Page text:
Newspoll has the Coalition still trailing Labor 44-56% in two-party terms, as government members return to parliament with wounds remaining raw from the leadership coup and tighter numbers in the House of Representatives.
The Liberal party is also reeling after a massive swing has cost it the previously safe seat of Wagga Wagga in Saturday’s NSW state byelection.
In Newspoll Scott Morrison has, however, gone ahead of Bill Shorten as better prime minister, leading him 42-36%. A fortnight ago, immediately after the coup, the two-party vote also had the ALP leading 56-44% but Shorten was in front of Morrison as better PM 39-33%.
This is the 40th consecutive Newspoll the government has lost. Labor’s primary vote increased one point in the fortnight to 42%. The Coalition’s primary vote is up a point to 34%.
The poll, published in Monday’s Australian, has Morrison with a satisfaction rating of 41%, with 39% dissatisfied, a net rating of plus 2. Satisfaction with Shorten was 37%; his dissatisfaction rating was 51%, giving him a net rating of minus 14.
The poll comes as parliament meets for the first time since Malcolm Turnbull was ousted. With Turnbull gone the government has lost its majority on the floor. Its survival is not at risk, but conduct of the house will be difficult.
While Morrison is trying to unify his party, debate about federal factors in the loss of the state byelection, the continuing row over allegations of bullying, and the Dutton au pair affair mean the Prime Minister is facing strong head winds.
A 28.4% plunge in the Liberal vote in Wagga Wagga was driven by state issues – the previous MP resigned in a corruption scandal – but it obviously also included a voter backlash over the federal chaos. The Liberals have held the regional seat since 1957.
With nearly 87% of the vote counted, ABC electoral analyst Antony Green said the independent candidate Joe McGirr, a doctor and an academic, is set to clinch the seat, ahead of Labor. On counting so far McGirr has 25.4%, the Liberals 25.3%, Labor 23.8%, and the four other candidates collectively 25.5%.
NSW premier Gladys Berejiklian, while accepting the voters’ message for her government, said on Sunday that the timing of the byelection, coinciding with “other major political events” provided “the perfect storm.”
The Liberals are now bracing for a big swing in the coming federal byelection in Turnbull’s former seat of Wentworth, which is on a margin of 17.7%.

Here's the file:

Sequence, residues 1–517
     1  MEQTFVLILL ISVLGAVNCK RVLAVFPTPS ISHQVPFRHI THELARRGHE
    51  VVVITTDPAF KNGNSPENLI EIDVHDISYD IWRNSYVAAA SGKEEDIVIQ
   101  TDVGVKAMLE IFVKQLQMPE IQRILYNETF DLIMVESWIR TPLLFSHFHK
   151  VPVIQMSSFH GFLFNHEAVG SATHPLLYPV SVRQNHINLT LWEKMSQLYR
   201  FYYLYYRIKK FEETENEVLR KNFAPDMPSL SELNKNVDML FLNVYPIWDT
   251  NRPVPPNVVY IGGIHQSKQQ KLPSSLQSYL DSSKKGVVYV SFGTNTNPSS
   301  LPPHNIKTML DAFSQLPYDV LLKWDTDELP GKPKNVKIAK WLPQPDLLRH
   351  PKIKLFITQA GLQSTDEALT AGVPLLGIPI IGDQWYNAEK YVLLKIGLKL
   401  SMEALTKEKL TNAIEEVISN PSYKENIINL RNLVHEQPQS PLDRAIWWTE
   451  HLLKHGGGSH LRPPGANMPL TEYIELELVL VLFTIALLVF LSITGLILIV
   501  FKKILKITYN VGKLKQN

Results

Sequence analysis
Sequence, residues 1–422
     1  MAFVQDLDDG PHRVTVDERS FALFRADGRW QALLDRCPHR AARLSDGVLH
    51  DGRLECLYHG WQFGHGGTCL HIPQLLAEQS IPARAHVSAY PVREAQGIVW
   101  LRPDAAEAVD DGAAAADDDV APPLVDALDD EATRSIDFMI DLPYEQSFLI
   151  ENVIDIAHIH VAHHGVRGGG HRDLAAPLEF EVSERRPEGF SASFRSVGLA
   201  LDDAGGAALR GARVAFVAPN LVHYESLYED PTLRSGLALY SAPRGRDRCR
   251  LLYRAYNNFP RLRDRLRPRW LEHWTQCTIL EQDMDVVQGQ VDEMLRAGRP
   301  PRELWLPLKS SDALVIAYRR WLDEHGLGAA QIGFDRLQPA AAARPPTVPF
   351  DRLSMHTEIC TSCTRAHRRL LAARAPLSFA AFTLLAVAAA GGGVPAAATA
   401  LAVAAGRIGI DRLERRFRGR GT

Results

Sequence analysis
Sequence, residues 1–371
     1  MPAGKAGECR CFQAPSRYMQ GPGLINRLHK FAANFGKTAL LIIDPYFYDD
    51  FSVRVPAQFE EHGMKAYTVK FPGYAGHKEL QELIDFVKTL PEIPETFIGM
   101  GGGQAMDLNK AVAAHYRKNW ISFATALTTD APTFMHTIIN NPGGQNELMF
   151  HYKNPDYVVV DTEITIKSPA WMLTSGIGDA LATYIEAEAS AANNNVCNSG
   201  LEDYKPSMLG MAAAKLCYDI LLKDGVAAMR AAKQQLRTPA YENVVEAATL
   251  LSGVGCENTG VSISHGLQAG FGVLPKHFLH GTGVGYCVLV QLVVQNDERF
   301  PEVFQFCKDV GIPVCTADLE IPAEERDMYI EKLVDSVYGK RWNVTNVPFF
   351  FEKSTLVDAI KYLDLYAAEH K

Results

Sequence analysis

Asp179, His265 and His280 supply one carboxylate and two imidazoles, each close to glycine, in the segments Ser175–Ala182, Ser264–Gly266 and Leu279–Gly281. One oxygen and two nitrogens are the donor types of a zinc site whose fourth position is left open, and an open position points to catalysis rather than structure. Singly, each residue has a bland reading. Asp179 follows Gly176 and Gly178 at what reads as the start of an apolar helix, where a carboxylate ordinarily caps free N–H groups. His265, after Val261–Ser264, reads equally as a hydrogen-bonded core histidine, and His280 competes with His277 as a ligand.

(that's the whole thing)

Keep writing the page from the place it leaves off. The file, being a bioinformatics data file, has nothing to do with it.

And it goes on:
The strength of McGirr’s showing indicates that if, as expected, the high profile local doctor Kerryn Phelps runs as an independent, she could be expected to attract a big protest vote. Turnbull had a very large personal vote in the electorate.
The Speaker, Tony Smith, is expected to announce the byelection date any day and the Liberals will choose their candidate on Thursday.
Preselection contestants include Andrew Bragg, who was briefly acting federal director of the party, former Australian ambassador to Israel Dave Sharma, and barrister Peter King, the one-time member for the seat, who Turnbull beat for preselection in 2004.
Others are Mary-Lou Jarvis, a vice-president of the NSW Liberal party; Michael Feneley, a leading cardiologist; Carrington Brigham, a digital communications specialist; Katherine O’Regan, a commercial board director, and Richard Shields, who works for the Insurance Council of Australia.
In parliament, eyes will be on Liberal senator Lucy Gichuhi, who has threatened to name people who have engaged in bullying.
Meanwhile senior Liberal figures have been working to ensure that Julia Banks, who has denounced bullying and said she will quit parliament at the election, doesn’t leave early. Banks holds the Victorian marginal seat of Chisholm.
Treasurer and Liberal deputy leader Josh Frydenberg said on Sunday that he had been speaking to Banks regularly and he was confident she would remain in parliament until the election.
Home Affairs minister Peter Dutton will be under pressure in parliament this week in the au pair affair, with the Senate committee inquiring into it due to release a clarifying letter from former Australian Border Force chief Roman Quaedvlieg, whose account of an alleged intervention from Dutton’s office in a visa case has been denounced by Dutton as a “fabrication”.
The cabinet will ratify Morrison’s decisions, already announced, to drop the planned rise in the pension age to 70, and kill off the National Energy Guarantee.
Frydenberg, who worked doggedly over a long period to try to achieve the NEG, which in the end was sunk by the right in the Coalition, admitted that “no one is more disappointed than I am” that it was now dead.
“But as Bismarck said … ‘politics is the art of the possible’ and it was very clear that the legislation [on the emissions target] couldn’t proceed,” he told the ABC.
Michelle Grattan does not work for, consult, own shares in or receive funding from any company or organization that would benefit from this article, and has disclosed no relevant affiliations beyond their academic appointment.